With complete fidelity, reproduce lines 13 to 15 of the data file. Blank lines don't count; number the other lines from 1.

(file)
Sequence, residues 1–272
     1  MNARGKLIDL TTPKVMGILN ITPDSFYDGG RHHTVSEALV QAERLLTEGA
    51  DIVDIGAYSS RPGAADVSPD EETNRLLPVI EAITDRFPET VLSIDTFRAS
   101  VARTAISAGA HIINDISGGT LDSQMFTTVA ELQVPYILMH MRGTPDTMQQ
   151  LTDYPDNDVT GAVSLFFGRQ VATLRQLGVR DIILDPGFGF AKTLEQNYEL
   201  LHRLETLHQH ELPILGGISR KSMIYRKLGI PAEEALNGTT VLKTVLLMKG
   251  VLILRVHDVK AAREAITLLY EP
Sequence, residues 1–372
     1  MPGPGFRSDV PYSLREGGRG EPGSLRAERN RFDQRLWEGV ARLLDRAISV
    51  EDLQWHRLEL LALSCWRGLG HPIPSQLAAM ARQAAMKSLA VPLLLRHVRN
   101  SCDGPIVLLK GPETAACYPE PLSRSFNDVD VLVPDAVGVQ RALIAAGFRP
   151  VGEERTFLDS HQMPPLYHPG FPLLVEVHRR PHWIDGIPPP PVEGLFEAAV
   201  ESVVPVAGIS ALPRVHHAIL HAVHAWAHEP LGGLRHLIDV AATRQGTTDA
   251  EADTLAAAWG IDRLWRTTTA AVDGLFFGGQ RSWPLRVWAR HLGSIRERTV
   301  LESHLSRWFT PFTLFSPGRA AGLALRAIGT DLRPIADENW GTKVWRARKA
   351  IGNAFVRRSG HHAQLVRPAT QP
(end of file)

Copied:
   201  ESVVPVAGIS ALPRVHHAIL HAVHAWAHEP LGGLRHLIDV AATRQGTTDA
   251  EADTLAAAWG IDRLWRTTTA AVDGLFFGGQ RSWPLRVWAR HLGSIRERTV
   301  LESHLSRWFT PFTLFSPGRA AGLALRAIGT DLRPIADENW GTKVWRARKA